Help your loved one and hospital staff with the following tips from myageingparent.com
- Take any medication your relative is taking into the hospital, so the doctors and nurses know what they are currently using and can be aware of how any further drugs might affect the current ones, or assess whether their current medication is correct.
- Let the medical staff know of any general allergies to drugs or food or of any known reactions to anaesthetic.
- Inform the nursing staff of religious preferences and dietary requirements, if relevant.
- Let the medical staff know about any existing medical issues your relative may have, or any relevant past medical issues.
- Make the staff aware of any mobility or incontinence issues, so they are aware that extra help might be needed.
- Let the medical staff know if your older relative ever gets confused or disorientated.
- Make sure the hospital has your contact details and those of other family members if relevant. It is best to provide one main point of contact for the hospital, as they are very busy and it can be difficult if many relatives ring up regularly for updates.
- Let the medical staff know if your relative has signed a ‘do not resuscitate’ order (DNR), in case of emergency.
- Find out when visiting is allowed, so you can let friends and family know to avoid them visiting at the wrong time.
- If your older relative needs help with meals and drinks, ask to be allowed to be there at mealtimes to help.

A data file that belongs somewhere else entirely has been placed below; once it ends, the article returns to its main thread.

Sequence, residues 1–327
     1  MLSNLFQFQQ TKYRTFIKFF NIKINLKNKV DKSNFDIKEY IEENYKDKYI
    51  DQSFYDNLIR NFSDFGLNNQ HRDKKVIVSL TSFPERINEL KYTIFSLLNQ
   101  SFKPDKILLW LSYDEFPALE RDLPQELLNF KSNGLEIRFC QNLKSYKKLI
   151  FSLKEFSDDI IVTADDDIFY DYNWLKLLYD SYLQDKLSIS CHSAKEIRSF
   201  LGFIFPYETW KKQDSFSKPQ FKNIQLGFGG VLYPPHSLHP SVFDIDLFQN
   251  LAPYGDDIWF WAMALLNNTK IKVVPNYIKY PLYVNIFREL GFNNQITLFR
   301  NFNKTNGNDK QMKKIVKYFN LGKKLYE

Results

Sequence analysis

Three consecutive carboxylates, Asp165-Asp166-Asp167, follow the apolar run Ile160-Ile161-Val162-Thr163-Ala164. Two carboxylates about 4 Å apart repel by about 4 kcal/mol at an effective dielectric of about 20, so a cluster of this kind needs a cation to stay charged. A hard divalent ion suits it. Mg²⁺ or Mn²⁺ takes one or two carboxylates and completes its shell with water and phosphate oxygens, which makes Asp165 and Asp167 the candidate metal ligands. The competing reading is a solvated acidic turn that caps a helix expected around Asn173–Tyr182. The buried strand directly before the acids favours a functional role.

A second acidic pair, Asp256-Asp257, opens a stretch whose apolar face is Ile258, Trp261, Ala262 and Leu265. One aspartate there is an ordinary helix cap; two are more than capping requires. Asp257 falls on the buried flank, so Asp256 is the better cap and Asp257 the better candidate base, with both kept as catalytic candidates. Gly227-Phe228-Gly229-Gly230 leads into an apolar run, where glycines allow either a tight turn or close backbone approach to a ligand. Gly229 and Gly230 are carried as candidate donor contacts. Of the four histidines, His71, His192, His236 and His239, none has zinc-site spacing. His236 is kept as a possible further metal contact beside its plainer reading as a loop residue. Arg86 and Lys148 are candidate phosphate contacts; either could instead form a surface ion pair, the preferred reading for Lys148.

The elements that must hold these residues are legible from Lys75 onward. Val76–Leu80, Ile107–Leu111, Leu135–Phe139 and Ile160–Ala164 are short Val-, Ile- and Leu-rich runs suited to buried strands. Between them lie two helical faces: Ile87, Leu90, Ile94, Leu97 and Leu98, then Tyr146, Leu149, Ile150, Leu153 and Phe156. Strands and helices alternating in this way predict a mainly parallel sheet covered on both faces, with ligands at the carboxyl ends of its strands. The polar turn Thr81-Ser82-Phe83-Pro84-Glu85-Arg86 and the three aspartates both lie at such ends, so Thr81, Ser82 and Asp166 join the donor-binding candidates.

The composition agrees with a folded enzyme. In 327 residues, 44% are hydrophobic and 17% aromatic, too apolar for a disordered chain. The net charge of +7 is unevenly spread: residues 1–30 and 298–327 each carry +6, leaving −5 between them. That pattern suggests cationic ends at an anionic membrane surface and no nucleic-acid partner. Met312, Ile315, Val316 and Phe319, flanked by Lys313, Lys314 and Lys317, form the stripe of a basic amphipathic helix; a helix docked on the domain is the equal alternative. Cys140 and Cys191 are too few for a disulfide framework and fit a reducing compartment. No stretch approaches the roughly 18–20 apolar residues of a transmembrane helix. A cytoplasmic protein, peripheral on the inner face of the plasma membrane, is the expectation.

“It’s important not to be afraid to ask questions," says Deborah Stone, MD of myageingparent.com. "Doctors and nurses are busy and usually visiting times do not coincide with ward rounds, but if you are worried or want to keep updated, you can speak to the nurses on the ward in person or by phone and you can ask them to page the relevant doctor.
"That can be particularly important if your relative is about to undergo a procedure: arming yourself with what’s going to happen and the risks involved means you can reassure and keep reassuring your loved one. Going into hospital can be very disorienting and they may very well be confused by what’s going on and forget what they have been told… especially if they have an infection or high temperature, they are living with dementia or they have suffered a shock, such as a fall.
"By remaining in touch with hospital staff throughout the stay will also prove helpful when the time comes for your loved one to return home. “The whole discharge process can be lengthy and confusing,” says Deborah, “as it may involve a number of different agencies." For more information on the discharge process, click here.
- For more health advice, pick up the latest copy of Yours